Reply 9, posted (5 years 7 months 4 weeks 7 hours ago) and read 32112 times:

Fantastic report! Very well written and nice pictures!

The777Man



Need a Boeing 777 Firing Order....Further to fly....CI, MU, LX and LH 777s
User currently offlineRyan h From Australia, joined Aug 2001, 1575 posts, RR: 1
Reply 10, posted (5 years 7 months 4 weeks 6 hours ago) and read 31987 times:

A different and interesting report.

Saudi Arabia looks like a hot, dry dust bowl to me.



South Australian Spotter
User currently offlineSkyHigh777 From United States of America, joined Aug 2005, 378 posts, RR: 0
Reply 11, posted (5 years 7 months 4 weeks 2 hours ago) and read 31612 times:

Wow, great report! Thanks for including pictures of Riyadh. I love the toothbrush line... "purifies mouth, pleases God.." hahahaha

I wonder what it would be like to fly an airline with all the muslim prayers and rituals going on...must be an intersesting experience. Thanks for sharing and I can't wait to read part 3!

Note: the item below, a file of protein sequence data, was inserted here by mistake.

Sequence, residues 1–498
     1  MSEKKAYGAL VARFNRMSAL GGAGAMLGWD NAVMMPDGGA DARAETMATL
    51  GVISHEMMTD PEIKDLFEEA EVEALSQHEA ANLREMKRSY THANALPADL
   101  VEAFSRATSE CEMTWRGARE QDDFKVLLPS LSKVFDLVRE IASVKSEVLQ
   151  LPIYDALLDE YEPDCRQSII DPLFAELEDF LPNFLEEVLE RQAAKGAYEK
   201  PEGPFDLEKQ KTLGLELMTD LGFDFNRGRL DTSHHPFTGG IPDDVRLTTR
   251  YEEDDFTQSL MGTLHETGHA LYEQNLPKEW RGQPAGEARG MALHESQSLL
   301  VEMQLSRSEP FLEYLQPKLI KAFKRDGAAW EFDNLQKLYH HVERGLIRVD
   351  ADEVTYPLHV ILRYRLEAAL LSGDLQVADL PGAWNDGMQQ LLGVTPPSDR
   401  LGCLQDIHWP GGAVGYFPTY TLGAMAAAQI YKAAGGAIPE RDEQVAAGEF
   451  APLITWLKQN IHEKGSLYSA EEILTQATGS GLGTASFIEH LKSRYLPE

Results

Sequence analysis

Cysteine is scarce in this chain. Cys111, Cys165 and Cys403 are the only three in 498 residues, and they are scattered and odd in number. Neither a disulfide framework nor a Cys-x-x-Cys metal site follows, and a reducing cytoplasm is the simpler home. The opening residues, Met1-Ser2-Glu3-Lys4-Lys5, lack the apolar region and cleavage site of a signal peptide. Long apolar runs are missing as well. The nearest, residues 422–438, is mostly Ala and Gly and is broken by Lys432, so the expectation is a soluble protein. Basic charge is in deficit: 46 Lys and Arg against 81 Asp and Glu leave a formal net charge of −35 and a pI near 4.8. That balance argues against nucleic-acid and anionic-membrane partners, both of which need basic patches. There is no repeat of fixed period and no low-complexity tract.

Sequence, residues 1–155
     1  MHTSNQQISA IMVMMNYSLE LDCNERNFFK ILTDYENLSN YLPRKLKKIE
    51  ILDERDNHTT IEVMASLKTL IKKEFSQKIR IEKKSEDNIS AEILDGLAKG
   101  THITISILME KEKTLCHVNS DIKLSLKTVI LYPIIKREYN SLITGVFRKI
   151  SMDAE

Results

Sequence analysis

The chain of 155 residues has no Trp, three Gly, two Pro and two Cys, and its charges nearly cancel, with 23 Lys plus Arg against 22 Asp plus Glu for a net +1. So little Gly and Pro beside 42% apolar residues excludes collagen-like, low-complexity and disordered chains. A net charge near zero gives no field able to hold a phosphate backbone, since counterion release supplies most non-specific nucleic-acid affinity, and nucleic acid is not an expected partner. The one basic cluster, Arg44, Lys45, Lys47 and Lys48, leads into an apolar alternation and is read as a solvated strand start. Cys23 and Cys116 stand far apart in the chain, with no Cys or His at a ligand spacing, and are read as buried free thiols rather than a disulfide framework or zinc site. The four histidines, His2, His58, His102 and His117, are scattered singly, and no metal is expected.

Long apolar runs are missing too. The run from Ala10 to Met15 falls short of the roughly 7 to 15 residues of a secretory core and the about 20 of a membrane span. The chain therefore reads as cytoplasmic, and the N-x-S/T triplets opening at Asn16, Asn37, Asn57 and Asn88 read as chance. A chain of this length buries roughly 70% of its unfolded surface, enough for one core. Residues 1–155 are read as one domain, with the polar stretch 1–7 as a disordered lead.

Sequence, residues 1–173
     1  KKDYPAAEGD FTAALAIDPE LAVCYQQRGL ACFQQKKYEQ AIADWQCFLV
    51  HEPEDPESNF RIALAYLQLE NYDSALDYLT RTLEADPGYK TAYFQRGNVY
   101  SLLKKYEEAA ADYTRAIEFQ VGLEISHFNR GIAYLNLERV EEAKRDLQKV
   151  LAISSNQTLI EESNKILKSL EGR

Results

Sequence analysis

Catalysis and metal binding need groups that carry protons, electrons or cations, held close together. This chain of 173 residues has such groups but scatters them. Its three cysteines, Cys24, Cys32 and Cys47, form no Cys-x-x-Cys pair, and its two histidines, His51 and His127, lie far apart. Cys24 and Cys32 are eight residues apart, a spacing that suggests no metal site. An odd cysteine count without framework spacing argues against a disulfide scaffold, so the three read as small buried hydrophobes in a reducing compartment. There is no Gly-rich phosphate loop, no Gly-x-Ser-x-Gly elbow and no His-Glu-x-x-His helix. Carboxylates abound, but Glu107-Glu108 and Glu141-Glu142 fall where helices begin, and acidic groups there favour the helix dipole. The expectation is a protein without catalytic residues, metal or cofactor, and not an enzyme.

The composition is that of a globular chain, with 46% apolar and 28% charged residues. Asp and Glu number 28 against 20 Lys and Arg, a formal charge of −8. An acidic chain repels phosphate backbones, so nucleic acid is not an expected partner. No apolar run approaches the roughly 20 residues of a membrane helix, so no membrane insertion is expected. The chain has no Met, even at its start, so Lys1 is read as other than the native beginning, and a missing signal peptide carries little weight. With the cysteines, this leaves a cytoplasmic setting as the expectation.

Prepare for take-off.
User currently offlineCityofAthens From , joined Dec 1969, posts, RR:
Reply 12, posted (5 years 7 months 4 weeks 2 hours ago) and read 31546 times:

Great report, and your photos and descriptions of RUH suggest nothing has changed there since I last visited in er, 2000. Mind you, nothing ever changes in KSA anyway. Big grin

Thanks again.


User currently offlineImiakhtar From , joined Dec 1969, posts, RR:
Reply 13, posted (5 years 7 months 3 weeks 6 days 23 hours ago) and read 31145 times:



Quoting Airxliban (Thread starter):
The direction to Mecca (I never figured out what the Qiblah is though obviously I know it is the direction that Muslims pray. Can anyone help me out?)

Sure. Muslims believe it was built by Abraham and his son Ismail as a house for God. There is a pic of it below:



Quoting Airxliban (Thread starter):
I found it funny (though not surprised) that the airline blocks out obscenities in their videos.

I wonder what the religious police (mutaween ???) would make of it.

Quoting Airxliban (Thread starter):
They do however sell this toothbrush which I see many people using but don't know what it does -- Sewak

The same as a toothbrush. Cleans your teeth!  Wink I've only ever heard it called miswaak though.

I look forward to reading the rest of your TRs from the region  Wink